The assumption that the only thing women should be thinking about is making themselves more attractive to men is a point of view I feel sends completely the wrong message, to both men and women.
As I’ve got older, I’ve come to accept that back in the mid-1960s when “Georgy Girl” was written, the lyrics were probably more representative of the way both men and women thought and talked at the time. Which is not to excuse it (I can’t). Putting those thoughts in women’s minds, and preying on the insecurities which bedevil us all was just as reprehensible then as it is today.
But if I remember to put “Georgy Girl” in its historical context of the “swinging sixties”, I can enjoy the song for what it is…as a creature of its time…even if I’m still uncomfortable about that part of the lyrics.
The section that used to wind me up is this verse…
Hey there, Georgy Girl
Why do all the boys just pass you by
Could it be you just don’t try
Or is it the clothes you wear
That said, there are some more positively-framed lyrics too. I especially like…
Hey there, Georgy girl
Dreaming of the someone you could be
Life is a reality
You can’t always run away
However, taken all together, I’ve come to enjoy “Georgy Girl” again in recent years by accepting that it was very much of its time.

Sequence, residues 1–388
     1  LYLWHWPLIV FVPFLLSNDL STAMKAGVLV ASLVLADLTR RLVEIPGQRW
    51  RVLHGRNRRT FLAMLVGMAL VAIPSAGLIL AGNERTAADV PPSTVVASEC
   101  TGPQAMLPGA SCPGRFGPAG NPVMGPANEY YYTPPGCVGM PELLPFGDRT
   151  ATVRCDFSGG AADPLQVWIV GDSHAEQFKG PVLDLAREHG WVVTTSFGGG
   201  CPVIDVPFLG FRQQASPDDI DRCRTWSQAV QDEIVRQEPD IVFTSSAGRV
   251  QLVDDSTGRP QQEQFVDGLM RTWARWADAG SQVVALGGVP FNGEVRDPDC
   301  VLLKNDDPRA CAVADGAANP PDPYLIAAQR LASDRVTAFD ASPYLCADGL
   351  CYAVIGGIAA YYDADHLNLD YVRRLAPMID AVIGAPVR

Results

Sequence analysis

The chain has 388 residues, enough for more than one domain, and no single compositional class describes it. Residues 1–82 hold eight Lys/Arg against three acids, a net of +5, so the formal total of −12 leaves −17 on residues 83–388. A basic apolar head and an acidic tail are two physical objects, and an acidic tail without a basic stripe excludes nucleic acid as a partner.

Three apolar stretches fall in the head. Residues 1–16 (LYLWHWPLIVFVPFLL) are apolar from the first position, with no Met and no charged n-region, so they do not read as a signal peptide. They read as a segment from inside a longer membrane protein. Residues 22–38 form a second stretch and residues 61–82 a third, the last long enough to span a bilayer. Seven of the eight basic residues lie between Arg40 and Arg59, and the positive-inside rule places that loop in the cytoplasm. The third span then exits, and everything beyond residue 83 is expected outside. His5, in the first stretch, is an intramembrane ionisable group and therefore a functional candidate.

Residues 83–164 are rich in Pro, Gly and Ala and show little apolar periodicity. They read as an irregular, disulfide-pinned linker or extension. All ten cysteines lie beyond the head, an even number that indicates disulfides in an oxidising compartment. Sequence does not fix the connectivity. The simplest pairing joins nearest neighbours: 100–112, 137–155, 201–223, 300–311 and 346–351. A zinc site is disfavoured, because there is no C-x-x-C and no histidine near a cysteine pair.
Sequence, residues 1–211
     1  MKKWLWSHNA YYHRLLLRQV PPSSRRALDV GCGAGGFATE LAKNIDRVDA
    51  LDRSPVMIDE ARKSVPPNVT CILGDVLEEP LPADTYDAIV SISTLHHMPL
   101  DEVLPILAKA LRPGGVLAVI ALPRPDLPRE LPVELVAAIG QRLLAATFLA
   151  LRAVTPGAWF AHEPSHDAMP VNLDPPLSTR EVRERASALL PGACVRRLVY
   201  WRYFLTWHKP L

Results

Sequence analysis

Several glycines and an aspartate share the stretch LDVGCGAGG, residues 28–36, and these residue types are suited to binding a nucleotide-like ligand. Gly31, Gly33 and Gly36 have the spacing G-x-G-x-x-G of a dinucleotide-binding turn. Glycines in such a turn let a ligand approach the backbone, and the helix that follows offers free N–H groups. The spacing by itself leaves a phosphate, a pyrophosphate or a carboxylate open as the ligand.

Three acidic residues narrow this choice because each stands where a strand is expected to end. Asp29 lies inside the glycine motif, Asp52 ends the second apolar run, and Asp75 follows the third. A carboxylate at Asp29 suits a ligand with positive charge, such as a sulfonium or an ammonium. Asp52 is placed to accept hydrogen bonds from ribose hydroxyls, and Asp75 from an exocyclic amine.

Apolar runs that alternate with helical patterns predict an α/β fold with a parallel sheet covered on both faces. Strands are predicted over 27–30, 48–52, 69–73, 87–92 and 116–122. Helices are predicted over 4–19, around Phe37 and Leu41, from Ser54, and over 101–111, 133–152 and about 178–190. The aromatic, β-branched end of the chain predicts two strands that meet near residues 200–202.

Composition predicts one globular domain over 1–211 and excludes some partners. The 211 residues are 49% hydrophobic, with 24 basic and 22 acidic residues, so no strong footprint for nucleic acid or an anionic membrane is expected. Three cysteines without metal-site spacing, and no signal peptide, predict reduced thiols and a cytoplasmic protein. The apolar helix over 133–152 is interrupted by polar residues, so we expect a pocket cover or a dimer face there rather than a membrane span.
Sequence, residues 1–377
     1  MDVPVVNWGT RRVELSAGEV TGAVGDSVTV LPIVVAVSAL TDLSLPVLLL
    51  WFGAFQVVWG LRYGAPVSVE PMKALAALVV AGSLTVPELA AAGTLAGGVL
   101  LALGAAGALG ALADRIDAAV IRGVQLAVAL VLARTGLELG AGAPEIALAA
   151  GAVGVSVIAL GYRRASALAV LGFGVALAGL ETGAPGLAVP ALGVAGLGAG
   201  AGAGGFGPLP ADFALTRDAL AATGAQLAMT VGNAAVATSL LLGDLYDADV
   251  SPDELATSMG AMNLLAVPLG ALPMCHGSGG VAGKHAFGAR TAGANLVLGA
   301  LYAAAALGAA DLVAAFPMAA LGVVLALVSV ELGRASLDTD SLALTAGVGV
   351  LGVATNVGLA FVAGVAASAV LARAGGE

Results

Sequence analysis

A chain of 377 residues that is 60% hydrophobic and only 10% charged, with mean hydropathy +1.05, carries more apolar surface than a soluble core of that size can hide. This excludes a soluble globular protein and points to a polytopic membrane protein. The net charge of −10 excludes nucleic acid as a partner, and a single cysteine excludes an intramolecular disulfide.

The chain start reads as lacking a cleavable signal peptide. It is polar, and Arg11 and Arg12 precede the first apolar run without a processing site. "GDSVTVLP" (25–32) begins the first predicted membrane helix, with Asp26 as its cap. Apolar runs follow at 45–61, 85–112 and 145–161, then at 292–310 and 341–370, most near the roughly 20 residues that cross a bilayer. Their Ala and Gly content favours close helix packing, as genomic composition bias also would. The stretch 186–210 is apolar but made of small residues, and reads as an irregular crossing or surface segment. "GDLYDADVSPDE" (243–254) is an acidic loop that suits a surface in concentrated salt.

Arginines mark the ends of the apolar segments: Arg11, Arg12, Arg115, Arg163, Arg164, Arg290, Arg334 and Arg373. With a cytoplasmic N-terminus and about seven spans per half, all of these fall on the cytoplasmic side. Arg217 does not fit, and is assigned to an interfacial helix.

Perhaps I shouldn’t stop some lyrics written 50 years ago, when the world was a very different place, get in the way of enjoying a very beautiful, and actually quite tender, song…
Hey there, Georgy girl
Swinging down the street so fancy-free
Nobody you meet could ever see the loneliness there inside you
That opening verse is what really struck home with me the first time I heard “Georgy Girl” and what lead to me liking the song so much at the time.
I’m too young to remember the 1960s, so, at a guess, I probably heard the song for the first time somewhere in the mid-1970s.
Although I’ve always enjoyed music, as a kid “Georgy Girl” was the first song I felt spoke directly to my experience of life. Change the name and a couple of the details and it could easily have been a song about me. No song had ever struck home with me in quite the same way before I heard “Georgy Girl”.
To this day, I go to great lengths to appear outwardly fancy-free and make sure people don’t spot the loneliness inside me. In a few words, Jim Dale summed up my life…now that’s an impactful piece of lyric writing…
Despite it all, there’s hope, though. Even for someone like me who can remember the 1970s…
Hey there, Georgy girl
There’s another Georgy deep inside
Bring out all the love you hide and, oh, what a change there’d be
The world would see a new Georgy girl
Despite having some more challenging lyrics than you might think from a superficial listen, The Seekers leave us on a high.
There is hope for the future.
Tomorrow can be better than today.
Your past doesn’t need to control your future.
I wish all that for you. And after all these years, maybe one day I’ll start to believe that might be true for me too.
In the meantime, please enjoy The Seekers, featuring the wonderfully sunshiny voice of Judy Durham, with one of their biggest hits, “Georgy Girl”…
If you’ve read this far, thank you for spending a few moments in the company of one of my favourite songs. The video is below, but if you prefer listening to your music on Spotify, you can find today’s track here… https://open.spotify.com/track/73XQBWHSVLL1939hb8cQTm